A Sky Stadium in Wellington without spectators due to Level 2 restrictions was the background this afternoon to the first of six women’s and men’s T20 Internationals in the capital over the course of five days.
Being at an international cricket match and hearing what the players are saying is disconcerting enough, but when you can clearly hear a remote control device transporting a tv camera around the boundary rope, then you realise these are strange times.
England won the toss, decided to have a bowl and it was a decision that saw an early breakthrough. Captain Sophie Devine scored a total of 37 runs in last month’s three match ODI series against England and that international drought continued today as she departed for two at the start of the second over, caught by Sophia Dunkley at deep square leg off the bowling of Natalie Sciver.
Amy Satterthwaite was next to go in the fourth over having made 2; Sciver was again the bowler, this time Freya Davies taking the catch at mid on and the scoreboard read 10-2.
By the time the powerplay had finished after six overs, Amelia Kerr and (11) Hayley Jensen (12) had brought the score to 33-2 , due in large part to eleven runs off that sixth over.
After helping to steady things, Jensen departed for 13 off 20 balls in the eighth over having hit one to Mady Villiers at long on off Sarah Green and the White Ferns were three down with 37 on the board.
At the start of the next over, Amelia Kerr went having amassed 14 off 17, caught and bowled by Sophie Ecclestone and they were 38-4.
The eleventh over was bowled by Ecclestone and had been a productive one for the home side with 10 runs coming off it, until Brooke Halliday was comfortably stumped off the last ball by Amy Jones to leave the White Ferns at 48-5.
By this stage the White Ferns were desperately trying to build a partnership that would see them post a competitive total and they were able to hold out until Maddy Green was bowled by Sarah Glenn in the fourteenth over after a contribution of 3 off 7 balls and the score stood at 61-6.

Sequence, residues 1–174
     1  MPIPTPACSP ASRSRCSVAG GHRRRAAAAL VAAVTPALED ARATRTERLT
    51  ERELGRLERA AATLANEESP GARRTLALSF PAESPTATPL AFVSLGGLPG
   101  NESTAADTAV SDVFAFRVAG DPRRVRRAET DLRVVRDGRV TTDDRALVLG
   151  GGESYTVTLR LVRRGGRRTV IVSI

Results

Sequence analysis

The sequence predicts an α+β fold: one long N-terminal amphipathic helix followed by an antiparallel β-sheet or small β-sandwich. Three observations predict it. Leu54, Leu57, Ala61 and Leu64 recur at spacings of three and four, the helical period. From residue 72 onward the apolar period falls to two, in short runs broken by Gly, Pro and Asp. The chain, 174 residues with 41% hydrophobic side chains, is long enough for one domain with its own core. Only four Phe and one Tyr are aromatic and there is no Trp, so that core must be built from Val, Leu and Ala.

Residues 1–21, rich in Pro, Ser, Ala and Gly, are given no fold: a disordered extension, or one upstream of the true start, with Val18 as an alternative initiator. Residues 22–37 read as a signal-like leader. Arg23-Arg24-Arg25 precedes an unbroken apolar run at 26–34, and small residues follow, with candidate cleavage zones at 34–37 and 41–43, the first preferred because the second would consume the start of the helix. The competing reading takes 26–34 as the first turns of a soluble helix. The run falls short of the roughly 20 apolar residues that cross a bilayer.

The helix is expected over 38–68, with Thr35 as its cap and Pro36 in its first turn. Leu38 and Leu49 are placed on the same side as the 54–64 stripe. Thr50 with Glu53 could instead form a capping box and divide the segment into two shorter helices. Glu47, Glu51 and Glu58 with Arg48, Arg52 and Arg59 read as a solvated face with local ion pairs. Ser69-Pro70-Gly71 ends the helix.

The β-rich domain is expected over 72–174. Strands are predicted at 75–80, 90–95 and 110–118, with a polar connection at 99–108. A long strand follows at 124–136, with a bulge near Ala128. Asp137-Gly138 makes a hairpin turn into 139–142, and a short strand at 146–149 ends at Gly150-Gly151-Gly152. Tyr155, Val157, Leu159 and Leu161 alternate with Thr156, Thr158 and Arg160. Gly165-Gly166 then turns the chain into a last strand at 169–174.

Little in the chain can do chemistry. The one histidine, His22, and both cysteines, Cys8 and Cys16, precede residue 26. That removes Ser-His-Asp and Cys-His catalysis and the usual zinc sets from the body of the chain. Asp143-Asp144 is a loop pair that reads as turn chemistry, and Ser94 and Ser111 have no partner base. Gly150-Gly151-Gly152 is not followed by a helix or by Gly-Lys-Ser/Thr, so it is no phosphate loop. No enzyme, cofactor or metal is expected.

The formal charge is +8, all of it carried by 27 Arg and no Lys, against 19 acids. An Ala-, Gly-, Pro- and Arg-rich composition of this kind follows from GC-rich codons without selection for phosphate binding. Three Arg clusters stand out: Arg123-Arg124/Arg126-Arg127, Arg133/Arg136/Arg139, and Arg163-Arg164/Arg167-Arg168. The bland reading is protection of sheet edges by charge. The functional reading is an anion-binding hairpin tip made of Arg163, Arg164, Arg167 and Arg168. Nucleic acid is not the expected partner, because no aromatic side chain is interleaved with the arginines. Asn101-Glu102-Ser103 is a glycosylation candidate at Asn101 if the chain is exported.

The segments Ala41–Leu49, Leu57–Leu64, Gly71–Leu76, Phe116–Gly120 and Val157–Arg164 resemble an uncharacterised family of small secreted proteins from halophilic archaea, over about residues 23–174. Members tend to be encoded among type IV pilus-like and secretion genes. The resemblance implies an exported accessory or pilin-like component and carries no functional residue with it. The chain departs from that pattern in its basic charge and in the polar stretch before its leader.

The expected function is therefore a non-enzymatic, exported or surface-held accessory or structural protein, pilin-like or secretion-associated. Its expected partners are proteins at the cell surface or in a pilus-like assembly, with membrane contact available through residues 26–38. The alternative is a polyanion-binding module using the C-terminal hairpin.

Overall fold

That became 67-7 midway through the sixteenth over as Thamsyn Newton was caught and bowled by Katherine Brunt, having scored 2 runs off 6 deliveries.
Leigh Kasperek added 4 off 5 balls before getting out to the last delivery of the seventeenth over; the bowler was Villiers and Dunkley took another good catch with the result being a increasingly dismal 78-8.
In the final over Katey Martin’s resistance ended, stumped by Jones off the bowling of Brunt; Martin had comfortably top scored with 36 off 32 balls including 5 fours, but her departure saw her team stand at 95-9. New Zealand were unable to see out the full 20 overs, with Jess Kerr run out with two balls remaining having made 10 off 11 balls and the scoreboard read 96 all out.
It was looking as though England might complete the chase without losing a wicket but midway through the ninth over, Leigh Kasperek made the breakthrough, with Danni Wyatt hitting one straight to Devine at extra cover having made 33. At that stage however, England only needed 38 from 69 more balls.
Fellow opener Tammy Beaumont was also unable to stay there until the end, with Maddy Green, after a bit of juggling, eventually securing a catch out on the boundary for Kasperek to take her second wicket. 31 was now needed from 59 deliveries.
Just two balls later with a solitary run having been added, a direct hit from Jess Kerr saw Heather Knight run out for a duck and Sciver and Jones were tasked with seeing England home. There would be no more twists in the tale tough and the visitors made their target after 16 overs with Sciver not out on 26 and Jones unbeaten on 12.
White Ferns captain Sophie Devine admitted post match that they were ‘completely outplayed today by an England side that’s running red hot.’ England captain Heather Knight said she was ‘really pleased with how hard the girls came out…we were aggressive, I think we read the pitch quite well, it was very slow, a lot slower than we thought’.
So far in four limited overs encounters, England have looked a class above their hosts in all facets of the game. New Zealand have two more opportunities to change that, with the first one back at the same empty venue on Friday and then potentially in front of a crowd there on Sunday afternoon – Level 1 permitting of course.
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